Legends of the Fog
500 Carsins Run Road, Aberdeen, MD 21001View All Details
Free Parking, Restrooms On-Site, Handicap Accessible, Food/Concessions, Gift Shop/Souvenirs, Optional Games/Midway, Special Events, You will NOT be touched, Original Characters, Uncovered Outdoor Waiting Line, Indoor/Outdoor Attraction
Team Hallowoosh reviewed this attraction on September 30, 2016.
Final Score: 8.55
2016 marks 10 years of fear for the one and only Legends of the Fog in Aberdeen, Maryland. Their overhead entrance sign has become an icon for haunted house enthusiasts all over the nation. A feeling of pure joy and terror swept over me as I walked under the rusty letters while gripping the most infested rope guiding me toward the ticket booth. Not many attractions greet their guests with such spirit. Personally, I have been wanting to see Legends of the Fog ever since I learned there was more than the four or five haunts around me. The name itself brings an element of horror to life that other haunts more often than not forget about. Zombies and monsters and crazy killers are all good and fun, but with the power of the fog on their side, they are unstoppable. Operating on almost twenty seven acres of a two hundred-acre sod farm, Legends of the Fog offers four unique attractions and a full midway for a great October night with friends and family; and, if you are a repeat victim, keep your eyes out for some of the classic characters from past years “possibly” returning for the 10th season anniversary.
The attractions, on average, require eighty to one hundred actors a night. All actors are volunteers who love what they do: scaring you half to death. Show owners Patrick and Robin tell me out of all of the cast and crew they have had over the years, there is still at least thirty from the opening year… and plenty of their volunteers have ended up working for the sod farm in the off season. The bond of family is felt deep in the roots of Legends of the Fog and fright is a specialty dish best served with dry ice and hot water. New for 2016, The Farewell Hotel plays host to crazy residents and guests looking to serve you for dinner. We were maybe the third or fourth group of the night and one of the first actors you will meet is the hotel’s front desk representative, losing her mind, screaming out the rules of the attraction and jumping all over the desk. Leaving the lobby of the hotel, I had to ask myself if I thought she had it in her to do that ‘till closing. But, the dedication to the craft of scaring that I witnessed throughout the hotel assured me that all of the actors could “bring it” all night. I particularly liked how hardly any of them hit you with a loud scream out of nowhere and hid back in their spots. The hayride actors all contributed to the post-apocalyptic story and had their own characters. The circus attraction was freak-show inspired, giving almost all actors a specific character as well. Patrick’s father Mike tells me that, when the crowds get larger, the actors turn it to 11. Even on the slow night we picked to visit, I would say the energy was maxed.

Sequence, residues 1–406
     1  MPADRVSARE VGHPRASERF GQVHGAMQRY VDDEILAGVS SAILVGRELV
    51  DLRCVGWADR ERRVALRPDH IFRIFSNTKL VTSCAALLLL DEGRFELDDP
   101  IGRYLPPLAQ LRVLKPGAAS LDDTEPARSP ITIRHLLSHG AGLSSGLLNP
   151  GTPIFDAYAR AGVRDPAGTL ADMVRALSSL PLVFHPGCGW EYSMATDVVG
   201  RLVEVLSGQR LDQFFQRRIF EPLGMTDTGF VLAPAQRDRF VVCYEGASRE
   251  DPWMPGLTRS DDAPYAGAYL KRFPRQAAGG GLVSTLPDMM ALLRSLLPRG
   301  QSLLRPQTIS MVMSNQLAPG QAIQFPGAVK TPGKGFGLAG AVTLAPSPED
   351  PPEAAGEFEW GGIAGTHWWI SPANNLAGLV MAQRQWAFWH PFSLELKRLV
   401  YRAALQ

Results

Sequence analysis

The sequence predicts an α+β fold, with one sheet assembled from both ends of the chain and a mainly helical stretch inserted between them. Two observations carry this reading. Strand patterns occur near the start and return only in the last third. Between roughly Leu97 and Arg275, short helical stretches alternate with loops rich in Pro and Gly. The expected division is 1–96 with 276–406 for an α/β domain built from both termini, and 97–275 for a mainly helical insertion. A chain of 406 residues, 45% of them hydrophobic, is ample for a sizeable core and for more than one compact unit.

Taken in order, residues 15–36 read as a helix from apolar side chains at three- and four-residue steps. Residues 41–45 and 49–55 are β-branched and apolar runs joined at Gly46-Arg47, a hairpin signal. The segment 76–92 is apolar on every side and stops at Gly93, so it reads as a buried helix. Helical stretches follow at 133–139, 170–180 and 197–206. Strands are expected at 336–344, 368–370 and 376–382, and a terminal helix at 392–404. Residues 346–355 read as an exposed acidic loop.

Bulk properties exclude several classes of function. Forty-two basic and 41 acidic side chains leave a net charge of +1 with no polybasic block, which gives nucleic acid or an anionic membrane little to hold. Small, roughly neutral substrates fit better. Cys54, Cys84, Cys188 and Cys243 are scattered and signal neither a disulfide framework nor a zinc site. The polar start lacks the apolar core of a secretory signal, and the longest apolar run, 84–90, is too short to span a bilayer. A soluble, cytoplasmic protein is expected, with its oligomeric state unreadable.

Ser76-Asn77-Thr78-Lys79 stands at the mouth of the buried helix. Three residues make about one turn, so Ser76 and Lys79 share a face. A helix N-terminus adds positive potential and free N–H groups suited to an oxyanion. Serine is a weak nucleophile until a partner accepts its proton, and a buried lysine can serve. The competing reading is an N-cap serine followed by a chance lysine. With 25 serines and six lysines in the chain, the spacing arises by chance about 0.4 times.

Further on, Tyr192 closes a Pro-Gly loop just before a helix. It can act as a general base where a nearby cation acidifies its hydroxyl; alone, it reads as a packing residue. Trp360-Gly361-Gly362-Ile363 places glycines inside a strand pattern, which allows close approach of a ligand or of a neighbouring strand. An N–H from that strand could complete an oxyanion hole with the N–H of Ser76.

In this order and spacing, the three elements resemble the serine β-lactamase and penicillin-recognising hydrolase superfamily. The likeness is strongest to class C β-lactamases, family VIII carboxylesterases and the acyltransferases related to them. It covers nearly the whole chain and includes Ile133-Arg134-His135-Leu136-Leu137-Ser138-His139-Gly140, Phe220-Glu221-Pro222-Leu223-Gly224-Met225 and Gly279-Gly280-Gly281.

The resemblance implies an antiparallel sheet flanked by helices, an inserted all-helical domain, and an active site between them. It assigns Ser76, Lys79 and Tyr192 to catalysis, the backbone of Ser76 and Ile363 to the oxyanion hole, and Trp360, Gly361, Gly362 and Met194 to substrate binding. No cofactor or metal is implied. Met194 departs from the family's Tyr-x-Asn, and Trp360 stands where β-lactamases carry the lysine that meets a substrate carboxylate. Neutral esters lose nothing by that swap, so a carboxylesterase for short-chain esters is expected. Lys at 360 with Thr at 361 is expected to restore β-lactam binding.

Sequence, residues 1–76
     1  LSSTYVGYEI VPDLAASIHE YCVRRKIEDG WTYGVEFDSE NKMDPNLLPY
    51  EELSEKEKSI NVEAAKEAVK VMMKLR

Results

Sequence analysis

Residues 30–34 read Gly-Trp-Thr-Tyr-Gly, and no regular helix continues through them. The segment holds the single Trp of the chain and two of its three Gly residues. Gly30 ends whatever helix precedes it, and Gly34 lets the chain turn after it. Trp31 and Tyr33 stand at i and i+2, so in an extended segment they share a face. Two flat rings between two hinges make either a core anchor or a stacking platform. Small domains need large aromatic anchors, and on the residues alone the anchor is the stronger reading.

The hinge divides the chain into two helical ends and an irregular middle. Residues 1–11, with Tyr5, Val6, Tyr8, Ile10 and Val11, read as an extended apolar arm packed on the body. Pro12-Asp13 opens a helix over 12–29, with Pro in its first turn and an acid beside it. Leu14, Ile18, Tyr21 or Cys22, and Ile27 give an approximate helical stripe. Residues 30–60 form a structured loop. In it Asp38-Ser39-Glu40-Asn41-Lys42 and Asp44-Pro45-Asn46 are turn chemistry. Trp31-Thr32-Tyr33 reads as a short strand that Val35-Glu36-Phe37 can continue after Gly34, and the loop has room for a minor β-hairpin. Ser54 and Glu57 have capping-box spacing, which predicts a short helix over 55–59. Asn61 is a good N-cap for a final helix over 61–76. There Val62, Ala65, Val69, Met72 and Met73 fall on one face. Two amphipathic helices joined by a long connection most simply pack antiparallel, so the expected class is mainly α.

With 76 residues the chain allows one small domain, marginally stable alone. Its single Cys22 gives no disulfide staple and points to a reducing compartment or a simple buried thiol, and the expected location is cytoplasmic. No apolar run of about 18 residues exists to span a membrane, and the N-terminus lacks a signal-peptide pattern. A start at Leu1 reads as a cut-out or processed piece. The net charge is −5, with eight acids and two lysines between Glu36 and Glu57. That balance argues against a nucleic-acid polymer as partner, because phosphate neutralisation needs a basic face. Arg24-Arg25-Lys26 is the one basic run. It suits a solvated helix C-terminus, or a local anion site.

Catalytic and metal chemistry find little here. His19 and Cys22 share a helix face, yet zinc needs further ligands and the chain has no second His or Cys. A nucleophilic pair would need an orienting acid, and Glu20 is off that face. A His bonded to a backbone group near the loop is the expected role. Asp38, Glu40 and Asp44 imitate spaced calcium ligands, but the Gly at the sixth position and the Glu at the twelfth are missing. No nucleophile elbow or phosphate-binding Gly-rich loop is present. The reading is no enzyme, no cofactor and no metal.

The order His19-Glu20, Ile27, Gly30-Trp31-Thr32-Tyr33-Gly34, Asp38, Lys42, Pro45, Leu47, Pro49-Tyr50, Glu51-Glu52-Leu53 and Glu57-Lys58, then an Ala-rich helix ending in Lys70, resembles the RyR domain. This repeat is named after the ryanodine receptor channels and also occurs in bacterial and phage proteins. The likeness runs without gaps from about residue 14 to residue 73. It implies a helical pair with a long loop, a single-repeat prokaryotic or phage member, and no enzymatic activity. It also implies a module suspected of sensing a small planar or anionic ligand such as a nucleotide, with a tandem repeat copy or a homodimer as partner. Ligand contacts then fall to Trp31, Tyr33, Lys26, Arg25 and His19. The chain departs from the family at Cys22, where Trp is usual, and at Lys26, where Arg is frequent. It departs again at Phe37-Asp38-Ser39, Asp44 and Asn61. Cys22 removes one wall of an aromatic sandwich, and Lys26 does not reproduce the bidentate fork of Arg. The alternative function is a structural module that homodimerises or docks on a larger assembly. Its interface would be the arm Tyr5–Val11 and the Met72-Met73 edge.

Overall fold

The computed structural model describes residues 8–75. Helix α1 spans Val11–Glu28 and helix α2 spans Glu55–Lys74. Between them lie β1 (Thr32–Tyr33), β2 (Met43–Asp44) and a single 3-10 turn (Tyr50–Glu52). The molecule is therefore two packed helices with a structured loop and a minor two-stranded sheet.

Legends of the Fog has a healthy mix of airbrushed faces, grease paint, blood, masks and some others with no makeup. In most events, I would frown upon a white face with blacked-out eyes. But here, in the “cursed fog” theme, it brings me back to classics like Carnival of Souls or White Zombie with their possessed, lifeless faces. It works very well for them. The cornfield maze had their share of masks, I suppose only to differ between friend or foe (it was dark out there). The costumes in the hayride and circus attractions matched the characters perfectly. Sticking with the apocalyptic, ripped-up look, I was impressed with the attention they gave both the tops and bottoms of their costumes. The circus supplied bright colors to their characters so you’ll know what they are and what they do. When you go into a haunted house with a six-foot-tall bellhop monkey, you can bet he won’t be hiding behind the corner. Think that isn’t scary? Go up to him, I dare ya.
Customer Service: 8.8
First thing you will notice when arriving at Legends of the Fog is the insanely-large, grass parking lot. Plenty of free parking all over the place on their 200+ acres of a sod farm. At the ticket booth, you can usually find Patrick’s mother, Charlene, who was a super sweetheart. The very booth that you get your tickets from reminds me of an old, Louisiana swamp shack and Charlene herself is responsible for the details in the attraction; it shows first in the ticket booth. Like most haunts, Legends of the Fog will open and close at different hours on different nights and, on certain nights, will charge more or less for tickets. They made a great way to identify their different nights by using a color code system on display at the ticket booth. Our night was yellow… 6:30pm to 10pm. Even Patrick, Robyn and Mike were more than welcoming and loved to talk about their work. And oh, where can I start with their midway? If Bonfires, music, games, BBQ, stage shows and gift shows aren’t your thing, then get out. They have a huge fire pit, complete with comfortable hay bales to sit on. There are plenty of games with prizes and practically a BBQ restaurant on site. The attractions go one by one, so enjoy the midway while you can. Local authorities are always on site in case of any emergency. A neat little treat was their fast pass stamp. If you purchase a fast pass, they will stamp your hand with an invisible ink that glows in the blacklight. Therefore, you don’t have to worry about having a big smudge on your hand for the next two days.